I can’t notice the subtle differences between the different colors (flowers). However I would say that there is a difference between the pollen that I've had in the past (commercial product) and the pollen that I've been harvesting. I've been harvesting the pollen and putting it directly into a freezer. I haven’t been doing any dehydration which is what you're supposed to do to get the longest shelf life out of it. What I've noticed because of this method, is that the pollen keeps the sweetness and an intense fragrance that I've never tasted before in pollen. Pollen usually has this chalky, kinda bland-but-a-little-sweet taste. The pollen we are harvesting has almost a skittles flavor, actually more like nerdz. Remember nerdz?! Yeah, it's almost like candy.


Do you find that the consistency of the pollen is more sticky due to its freshness? Since it's not being dehydrated?

What the bees do when they collect pollen is they have these little hairs on their body and the hairs are hydrostatically charged, they have a little electric charge on them, which means that things stick to them. Like when you touch the doorknob and you get a shock! Pollen is a single cell, it's essentially a plant sperm. So what happens is the microscopic pollen granules stick to their hairs and the bees comb themselves with their legs. Then they collect all the pollen granules into a ball and they stick the ball into a pocket on their hind legs. That's what gives it its ball shape and texture. So the texture is not going to change whether it is dried or fresh because each one of those balls was actually made by the bees and they are kinda just stuck together with charge.

It's so strange that no one else really does this mixed color pollen. It's crazy that this is the first I've ever seen it.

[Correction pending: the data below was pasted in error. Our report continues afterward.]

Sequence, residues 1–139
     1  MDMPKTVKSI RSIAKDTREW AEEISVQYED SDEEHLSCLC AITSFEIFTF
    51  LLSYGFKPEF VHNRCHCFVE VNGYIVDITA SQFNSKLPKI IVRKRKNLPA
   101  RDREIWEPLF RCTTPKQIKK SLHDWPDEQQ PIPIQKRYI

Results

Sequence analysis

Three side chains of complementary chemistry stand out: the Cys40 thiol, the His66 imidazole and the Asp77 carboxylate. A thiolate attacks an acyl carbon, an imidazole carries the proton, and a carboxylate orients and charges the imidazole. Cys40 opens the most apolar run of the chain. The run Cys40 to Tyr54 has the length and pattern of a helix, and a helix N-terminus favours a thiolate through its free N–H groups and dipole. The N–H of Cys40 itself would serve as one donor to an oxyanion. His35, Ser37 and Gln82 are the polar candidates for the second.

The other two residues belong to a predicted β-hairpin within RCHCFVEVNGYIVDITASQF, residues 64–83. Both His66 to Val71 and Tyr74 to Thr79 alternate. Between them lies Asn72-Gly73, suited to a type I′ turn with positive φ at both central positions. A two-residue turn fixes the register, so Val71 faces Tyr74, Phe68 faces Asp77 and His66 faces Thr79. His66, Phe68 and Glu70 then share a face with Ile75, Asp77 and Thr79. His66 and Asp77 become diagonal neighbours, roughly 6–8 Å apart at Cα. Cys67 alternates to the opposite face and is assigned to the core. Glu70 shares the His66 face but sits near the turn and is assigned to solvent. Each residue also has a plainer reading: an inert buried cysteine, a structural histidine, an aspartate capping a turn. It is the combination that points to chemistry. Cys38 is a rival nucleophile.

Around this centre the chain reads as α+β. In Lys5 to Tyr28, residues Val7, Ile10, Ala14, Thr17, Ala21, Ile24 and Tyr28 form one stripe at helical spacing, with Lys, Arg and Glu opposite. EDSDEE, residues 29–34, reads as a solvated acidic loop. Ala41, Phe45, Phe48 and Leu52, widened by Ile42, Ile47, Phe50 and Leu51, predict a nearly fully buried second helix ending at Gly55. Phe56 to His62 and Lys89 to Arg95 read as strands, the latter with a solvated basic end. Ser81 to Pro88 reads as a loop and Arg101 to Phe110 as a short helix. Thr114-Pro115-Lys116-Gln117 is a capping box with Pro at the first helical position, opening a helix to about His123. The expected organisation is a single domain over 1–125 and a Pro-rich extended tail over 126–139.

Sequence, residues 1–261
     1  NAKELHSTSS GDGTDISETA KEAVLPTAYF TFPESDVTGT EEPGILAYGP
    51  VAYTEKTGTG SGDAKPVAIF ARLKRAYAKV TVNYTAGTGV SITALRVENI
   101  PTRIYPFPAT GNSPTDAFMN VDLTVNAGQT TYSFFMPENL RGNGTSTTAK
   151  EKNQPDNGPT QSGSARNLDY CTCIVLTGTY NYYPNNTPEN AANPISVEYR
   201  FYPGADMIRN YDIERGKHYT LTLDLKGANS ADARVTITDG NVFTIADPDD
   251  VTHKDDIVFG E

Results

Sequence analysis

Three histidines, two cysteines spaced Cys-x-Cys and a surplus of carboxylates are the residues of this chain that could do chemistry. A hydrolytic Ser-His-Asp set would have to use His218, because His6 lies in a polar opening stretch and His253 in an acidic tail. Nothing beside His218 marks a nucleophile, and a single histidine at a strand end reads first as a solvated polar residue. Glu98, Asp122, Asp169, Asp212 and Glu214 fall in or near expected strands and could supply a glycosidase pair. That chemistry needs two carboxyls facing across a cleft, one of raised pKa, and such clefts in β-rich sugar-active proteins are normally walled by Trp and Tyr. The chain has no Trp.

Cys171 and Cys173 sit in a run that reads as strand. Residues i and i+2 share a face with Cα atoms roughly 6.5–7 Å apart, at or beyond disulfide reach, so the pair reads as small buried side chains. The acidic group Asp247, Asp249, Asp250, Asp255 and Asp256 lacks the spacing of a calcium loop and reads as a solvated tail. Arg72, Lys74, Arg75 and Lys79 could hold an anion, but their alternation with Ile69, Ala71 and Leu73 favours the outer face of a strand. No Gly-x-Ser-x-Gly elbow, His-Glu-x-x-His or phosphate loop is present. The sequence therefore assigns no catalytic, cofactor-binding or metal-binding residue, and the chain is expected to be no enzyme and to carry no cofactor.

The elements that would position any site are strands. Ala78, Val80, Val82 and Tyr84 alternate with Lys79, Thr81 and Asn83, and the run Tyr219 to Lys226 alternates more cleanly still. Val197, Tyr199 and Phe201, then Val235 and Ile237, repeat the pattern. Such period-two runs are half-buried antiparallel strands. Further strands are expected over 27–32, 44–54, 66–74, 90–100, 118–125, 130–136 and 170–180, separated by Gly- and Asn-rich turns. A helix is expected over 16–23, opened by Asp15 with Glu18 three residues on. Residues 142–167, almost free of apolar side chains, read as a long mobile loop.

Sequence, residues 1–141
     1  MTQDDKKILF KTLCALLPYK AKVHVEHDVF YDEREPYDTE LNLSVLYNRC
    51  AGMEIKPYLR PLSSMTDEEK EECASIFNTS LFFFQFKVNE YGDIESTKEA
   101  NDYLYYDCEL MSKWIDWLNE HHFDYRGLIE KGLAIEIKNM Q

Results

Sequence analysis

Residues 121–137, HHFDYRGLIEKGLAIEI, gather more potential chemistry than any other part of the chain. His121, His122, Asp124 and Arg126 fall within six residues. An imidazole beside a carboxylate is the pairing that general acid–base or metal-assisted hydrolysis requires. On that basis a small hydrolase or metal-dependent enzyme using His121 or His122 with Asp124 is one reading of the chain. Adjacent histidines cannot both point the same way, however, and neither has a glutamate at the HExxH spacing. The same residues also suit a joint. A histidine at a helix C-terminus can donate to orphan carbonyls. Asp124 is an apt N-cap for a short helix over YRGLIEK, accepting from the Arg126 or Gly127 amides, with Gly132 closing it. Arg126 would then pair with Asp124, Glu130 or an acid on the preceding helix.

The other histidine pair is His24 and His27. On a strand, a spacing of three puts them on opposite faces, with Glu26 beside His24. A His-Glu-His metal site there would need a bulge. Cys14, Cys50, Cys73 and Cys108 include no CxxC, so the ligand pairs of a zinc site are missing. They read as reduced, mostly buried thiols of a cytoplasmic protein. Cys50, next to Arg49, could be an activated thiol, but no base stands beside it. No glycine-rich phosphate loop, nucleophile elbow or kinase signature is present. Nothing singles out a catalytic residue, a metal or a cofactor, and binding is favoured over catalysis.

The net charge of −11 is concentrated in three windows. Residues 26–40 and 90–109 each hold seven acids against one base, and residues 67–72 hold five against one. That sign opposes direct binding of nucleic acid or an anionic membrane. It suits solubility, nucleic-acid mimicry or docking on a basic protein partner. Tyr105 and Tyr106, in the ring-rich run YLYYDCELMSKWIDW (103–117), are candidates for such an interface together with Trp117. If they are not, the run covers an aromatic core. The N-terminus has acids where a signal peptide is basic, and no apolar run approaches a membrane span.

I think I have an idea. It's really hard to do, especially at any kind of scale. The way that I run my bees is pretty unique. The easier route would have been to have 60 beehives sitting in a field on a farm somewhere and doing pollination crops on monoculture farming. The bees can be taken care of in a really straightforward way, and you can have a lot of beehives and put a lot of traps under and collect a lot of pollen all at once. My method is totally different. I have 30 hives maximum per location. So for instance a lot of that purple color pollen comes out of one property that I have that I can only get to with a four wheel drive truck. It's deep in the mountains, it's a pretty unique harvesting situation. At the peak of the season I was making forty pounds of pollen out of that location in a week. ENORMOUS AMOUNTS. [The bees] were doing a really great job. But that only lasted through the end of April and then it kind of tapered off. More recently I have been getting a good harvest from a different set of plants. Things have changed seasonally. First all of the annual flowers bloom in the spring and then at this point we have all the summer flowers blooming like laurel sumac, toyon, and those are very yellow flowers. Earlier in the season were the purple sage and the black sage and Ceanothus. It all gets timed differently.

Photos by Eli Lichter-Marck.